Our group’s collective experience came into play. Bill Elam offered an observation to the effect that an author’s statement that he (or she) believed the account was “true to the best of his (or her) recollection” would probably suffice. Bill did not claim expertise in the matter and did not offer that as legal advice. Bill’s observations were reinforced by Don Westerfield. Last meeting Don announced the publication of his military memoir Echoes of Engines and Men. Don had the aid of his daughter-in-law, a retired corporate attorney in the editing and preparation of his book. He read the disclaimer she prepared for his book, which was similar to Bill’s observation, but even more extensive. Others volunteered how writers can find several similar disclaimers online. I’m sure Bill Elam would tell everyone to consult an attorney if they were seeking authoritative legal advice. Peter Frickel helped conclude this subject by encouraging Bob to get his piece written down. Then with the work in hand, he would be better able to determine the truth of his piece and any needed disclaimers.
Our discussion turned in a different direction when George Lavigne ask the group for their thoughts on the subject of characterization. A lively discussion followed with strong opinions. Ed Ellis strongly advocated detailed character descriptions. He suggested that writers prepare a detailed biographical and physical sketch of their main characters, and in describing and bringing characters to life by use of not only a physical description but also by a description of their actions as well. Ed’s engineering background was evident when he shared a reference to his blog which contains detailed lists of character traits for writers to use. Ian Schagen begged to differ with the thought that some things should be left to the reader’s imagination. Things got interesting from there with many comments and opinions from the group. Perhaps the best conclusion on the subject is that this is where each writer finds his or her place and where individual creativity answers the question. If it works for you and your readers, then you have found the answer to characterization for you.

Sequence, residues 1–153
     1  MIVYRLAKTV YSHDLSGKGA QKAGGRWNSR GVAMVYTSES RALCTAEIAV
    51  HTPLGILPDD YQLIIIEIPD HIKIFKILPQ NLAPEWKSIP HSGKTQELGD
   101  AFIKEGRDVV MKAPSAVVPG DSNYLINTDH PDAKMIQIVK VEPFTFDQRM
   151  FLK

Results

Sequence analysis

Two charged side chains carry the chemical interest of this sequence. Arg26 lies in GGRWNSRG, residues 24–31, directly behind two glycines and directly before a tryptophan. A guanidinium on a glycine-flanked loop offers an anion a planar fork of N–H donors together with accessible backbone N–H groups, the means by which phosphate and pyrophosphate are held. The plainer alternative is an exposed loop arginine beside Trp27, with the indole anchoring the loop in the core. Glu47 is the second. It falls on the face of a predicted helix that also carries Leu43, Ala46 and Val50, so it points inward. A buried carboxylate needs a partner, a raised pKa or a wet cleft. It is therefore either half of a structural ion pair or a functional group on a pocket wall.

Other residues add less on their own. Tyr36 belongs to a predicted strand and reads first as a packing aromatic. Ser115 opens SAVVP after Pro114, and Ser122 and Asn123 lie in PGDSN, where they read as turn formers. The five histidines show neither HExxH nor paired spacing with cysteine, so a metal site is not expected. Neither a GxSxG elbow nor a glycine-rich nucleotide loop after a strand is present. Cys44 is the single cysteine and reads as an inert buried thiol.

As we wrapped up our discussion period, when asked, Peter Frickel expressed his desire to see more discussion and perhaps a more in-depth look at how we think, organize, and present our thoughts even down to sentence and paragraph writing. Peter is our master of rhetoric. We all agree his readings are a tough act to follow, and we hope to hear more from him on those ideas.
Asked to think on the general subject of our readings and critique, we adjourned the discussion with the hope additional thoughts will find expression at our next meeting.
Our first reader of the night was Doug Sahlin, reading from his detective story in progress featuring Yale Larsson and his girl Lori as they investigate a crime scene. Crisp, precise dialog and minimal word waste personify Doug's writing style.
Peter Frickel read excerpts from his published work River, currently available as an ebook on Amazon and soon too be available in print version as well.
Cecile Bell returned to our group again after a long absence, we were glad to see her and learn that she is doing well. She read several pieces written for her community newsletter sharing personal news items of and for the residents. We are glad to share her desire to celebrate her neighbors’ lives and lift their spirits.
Having introduced us to this new work at the last meeting, Bill Elam read from his story of a down-on-its-luck ocean park, Orca Reef. The plot by a greedy and ruthless out-of-state developer who covets the park's valuable acreage targets the park’s main attraction, an Orca or Killer Whale. Has the magnificent creature been framed?
Ian Schagen read excerpts from his book, A Wartime Journey Revisited. His father traveled through Europe avoiding the Nazis during an escape to England during the height of the occupation. A great story of human compassion and desire unfold.
Bruce Haedrich, our final reader for the night, read a fictional civil war letter taken from his published book, The Gettysburg Gold (available on Amazon.) Bruce shared that he'd done extensive research and readings of Civil War letters to gain a feel for letter-writing styles and use of language in the period before he wrote his own piece. His letter sure had that authentic ring to it.
Thank you to all of our members for your support and for your participation. To our writers returning north, have a safe trip, and we hope to see you next Season. Until next time, keep on writing, and we hope to see all of you that can attend at our next meeting Wednesday, April 4th. Rod, we hope you and Betsy get well soon and that you are back with us at the next meeting.
For the Group,